South Dakota Dog Law
South Dakota does not have a Dog Bite Statute.
Common Law Liability
To establish liability, the injured person must prove that the dog owner knew or had reason to know that the dog had vicious propensities and that the owner was negligent in failing to prevent the injury.
Vicious Dog Statute
The Meaning of a “Vicious Dog”
A “vicious dog” is:
- any dog which, when unprovoked, in a vicious or terrorizing manner approaches in an apparent attitude of attack, or bites, inflicts injury, assaults, or otherwise attacks a person in public;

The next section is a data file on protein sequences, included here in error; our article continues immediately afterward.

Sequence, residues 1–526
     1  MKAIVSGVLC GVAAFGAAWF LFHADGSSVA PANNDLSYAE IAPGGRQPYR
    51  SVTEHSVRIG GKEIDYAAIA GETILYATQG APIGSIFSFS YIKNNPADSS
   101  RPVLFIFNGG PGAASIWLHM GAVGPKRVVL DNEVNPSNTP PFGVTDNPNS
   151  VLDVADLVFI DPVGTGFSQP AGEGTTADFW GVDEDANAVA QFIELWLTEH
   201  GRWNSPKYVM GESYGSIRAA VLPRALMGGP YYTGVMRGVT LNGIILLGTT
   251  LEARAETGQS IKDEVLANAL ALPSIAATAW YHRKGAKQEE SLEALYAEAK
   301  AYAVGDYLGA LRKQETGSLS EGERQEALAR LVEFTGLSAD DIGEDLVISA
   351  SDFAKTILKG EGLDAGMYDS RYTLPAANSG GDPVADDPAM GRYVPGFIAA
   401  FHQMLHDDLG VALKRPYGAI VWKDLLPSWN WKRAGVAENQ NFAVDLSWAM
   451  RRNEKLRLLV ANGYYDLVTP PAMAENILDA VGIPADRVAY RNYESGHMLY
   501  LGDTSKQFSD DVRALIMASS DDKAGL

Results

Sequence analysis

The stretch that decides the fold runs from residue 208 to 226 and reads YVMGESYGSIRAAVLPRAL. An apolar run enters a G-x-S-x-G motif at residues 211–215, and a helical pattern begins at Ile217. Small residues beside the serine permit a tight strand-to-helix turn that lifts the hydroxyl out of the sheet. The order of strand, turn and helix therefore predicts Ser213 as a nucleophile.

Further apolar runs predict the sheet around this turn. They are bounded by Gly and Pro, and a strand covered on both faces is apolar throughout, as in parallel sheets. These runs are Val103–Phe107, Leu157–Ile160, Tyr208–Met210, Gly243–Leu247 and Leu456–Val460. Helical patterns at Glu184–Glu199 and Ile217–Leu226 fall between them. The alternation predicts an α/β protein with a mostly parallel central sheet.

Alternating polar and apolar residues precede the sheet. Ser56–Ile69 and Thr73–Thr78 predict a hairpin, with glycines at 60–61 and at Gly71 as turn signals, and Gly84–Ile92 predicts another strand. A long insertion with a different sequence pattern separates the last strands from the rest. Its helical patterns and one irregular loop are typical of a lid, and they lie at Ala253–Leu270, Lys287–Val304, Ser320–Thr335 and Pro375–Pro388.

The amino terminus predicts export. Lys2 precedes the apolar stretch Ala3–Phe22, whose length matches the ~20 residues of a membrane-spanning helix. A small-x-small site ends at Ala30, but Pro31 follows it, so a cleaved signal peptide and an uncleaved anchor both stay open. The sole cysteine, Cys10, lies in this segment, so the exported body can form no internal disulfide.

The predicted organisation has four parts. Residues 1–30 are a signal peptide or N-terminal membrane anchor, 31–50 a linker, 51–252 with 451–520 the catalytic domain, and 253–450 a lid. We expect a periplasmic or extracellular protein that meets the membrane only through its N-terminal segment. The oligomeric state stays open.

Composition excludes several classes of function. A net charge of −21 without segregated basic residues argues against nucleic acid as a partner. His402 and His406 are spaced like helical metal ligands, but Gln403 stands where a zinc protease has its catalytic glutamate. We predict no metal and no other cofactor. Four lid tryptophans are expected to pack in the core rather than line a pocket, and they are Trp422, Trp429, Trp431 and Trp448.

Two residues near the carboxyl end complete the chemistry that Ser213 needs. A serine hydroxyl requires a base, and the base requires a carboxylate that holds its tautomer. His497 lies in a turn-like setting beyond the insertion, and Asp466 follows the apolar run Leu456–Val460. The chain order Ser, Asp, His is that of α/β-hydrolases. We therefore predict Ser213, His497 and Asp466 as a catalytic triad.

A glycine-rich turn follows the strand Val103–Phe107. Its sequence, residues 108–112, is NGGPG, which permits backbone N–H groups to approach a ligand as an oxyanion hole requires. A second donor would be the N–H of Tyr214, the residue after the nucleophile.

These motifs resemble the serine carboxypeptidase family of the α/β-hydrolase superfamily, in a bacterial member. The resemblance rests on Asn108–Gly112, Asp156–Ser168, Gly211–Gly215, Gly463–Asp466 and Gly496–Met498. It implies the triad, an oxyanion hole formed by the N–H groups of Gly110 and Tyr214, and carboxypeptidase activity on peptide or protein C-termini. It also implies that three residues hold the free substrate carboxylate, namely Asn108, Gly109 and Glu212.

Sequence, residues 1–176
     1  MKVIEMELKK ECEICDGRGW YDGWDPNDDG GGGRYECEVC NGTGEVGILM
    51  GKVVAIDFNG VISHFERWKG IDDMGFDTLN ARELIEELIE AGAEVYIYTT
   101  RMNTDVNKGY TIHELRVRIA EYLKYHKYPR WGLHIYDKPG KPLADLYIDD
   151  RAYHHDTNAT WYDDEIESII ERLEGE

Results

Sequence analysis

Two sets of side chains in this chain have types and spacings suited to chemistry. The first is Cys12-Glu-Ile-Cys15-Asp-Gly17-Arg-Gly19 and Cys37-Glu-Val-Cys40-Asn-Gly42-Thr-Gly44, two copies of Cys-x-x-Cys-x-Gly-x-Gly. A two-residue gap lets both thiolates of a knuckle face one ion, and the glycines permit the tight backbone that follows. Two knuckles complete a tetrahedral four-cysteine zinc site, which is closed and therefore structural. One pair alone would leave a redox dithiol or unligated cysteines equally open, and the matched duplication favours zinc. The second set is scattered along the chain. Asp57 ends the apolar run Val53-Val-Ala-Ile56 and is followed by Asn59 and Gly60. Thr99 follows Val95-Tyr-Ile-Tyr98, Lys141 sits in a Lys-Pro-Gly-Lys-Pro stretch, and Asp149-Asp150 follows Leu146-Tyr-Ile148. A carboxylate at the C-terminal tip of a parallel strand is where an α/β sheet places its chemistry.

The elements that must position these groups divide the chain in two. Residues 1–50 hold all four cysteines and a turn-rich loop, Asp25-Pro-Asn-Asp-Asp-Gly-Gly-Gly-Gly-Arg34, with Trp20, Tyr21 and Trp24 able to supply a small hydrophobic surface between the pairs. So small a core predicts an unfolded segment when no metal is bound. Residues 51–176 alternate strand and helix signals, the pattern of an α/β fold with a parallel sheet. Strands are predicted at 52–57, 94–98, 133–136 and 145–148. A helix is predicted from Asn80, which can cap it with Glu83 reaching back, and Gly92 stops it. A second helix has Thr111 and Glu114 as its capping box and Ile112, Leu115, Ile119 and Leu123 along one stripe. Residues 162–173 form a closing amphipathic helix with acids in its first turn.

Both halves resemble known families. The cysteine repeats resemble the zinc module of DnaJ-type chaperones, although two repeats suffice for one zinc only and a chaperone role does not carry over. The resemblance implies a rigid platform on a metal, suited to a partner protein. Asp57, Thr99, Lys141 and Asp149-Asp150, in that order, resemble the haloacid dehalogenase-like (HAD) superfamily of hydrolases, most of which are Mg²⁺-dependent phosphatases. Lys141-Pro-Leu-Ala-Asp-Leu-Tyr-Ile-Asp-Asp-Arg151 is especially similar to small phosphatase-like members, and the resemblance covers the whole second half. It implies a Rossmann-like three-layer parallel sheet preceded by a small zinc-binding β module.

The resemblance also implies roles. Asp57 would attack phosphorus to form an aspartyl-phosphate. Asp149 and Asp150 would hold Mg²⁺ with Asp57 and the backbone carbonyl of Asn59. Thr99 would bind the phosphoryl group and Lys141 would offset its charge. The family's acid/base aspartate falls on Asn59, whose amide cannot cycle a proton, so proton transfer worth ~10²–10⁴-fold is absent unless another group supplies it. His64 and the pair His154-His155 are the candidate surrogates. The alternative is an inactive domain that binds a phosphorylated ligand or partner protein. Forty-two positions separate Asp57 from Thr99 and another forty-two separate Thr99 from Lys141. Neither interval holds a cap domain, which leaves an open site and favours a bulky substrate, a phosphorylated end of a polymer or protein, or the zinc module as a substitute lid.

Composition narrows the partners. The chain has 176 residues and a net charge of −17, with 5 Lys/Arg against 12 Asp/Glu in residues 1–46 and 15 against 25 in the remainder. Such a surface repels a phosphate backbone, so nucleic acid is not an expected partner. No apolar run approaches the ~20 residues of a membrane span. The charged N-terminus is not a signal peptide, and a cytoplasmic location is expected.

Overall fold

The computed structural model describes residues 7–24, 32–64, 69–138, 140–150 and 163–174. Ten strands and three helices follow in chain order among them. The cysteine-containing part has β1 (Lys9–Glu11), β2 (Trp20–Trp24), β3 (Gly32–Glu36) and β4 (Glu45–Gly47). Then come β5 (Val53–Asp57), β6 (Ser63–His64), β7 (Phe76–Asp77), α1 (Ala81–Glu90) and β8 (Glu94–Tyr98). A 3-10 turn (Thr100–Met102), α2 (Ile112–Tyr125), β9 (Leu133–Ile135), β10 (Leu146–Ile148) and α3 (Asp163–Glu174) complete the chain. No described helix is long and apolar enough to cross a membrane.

- any dog which, on private property, when unprovoked, in a vicious or terrifying manner approaches in an apparent attitude of attack, or bites, or inflicts injury, or otherwise attacks a mailman, meter reader, serviceman, journeyman, delivery man, or other employed person who is on the owner’s property with permission.
- Under this statute, a dog cannot be declared vicious if an injury is sustained by a person who was committing a trespass or other tort on the owner’s premises, or if the injured person was teasing, tormenting, abusing, or assaulting the dog, or committing or attempting to commit a crime at the time of the injury.
Liability of Owners of Vicious Dogs
Under this statute, owning a vicious dog is a public nuisance. A person directly affected by the dog or a government official can file a civil action or an action to have the owner abate, or stop, the nuisance.
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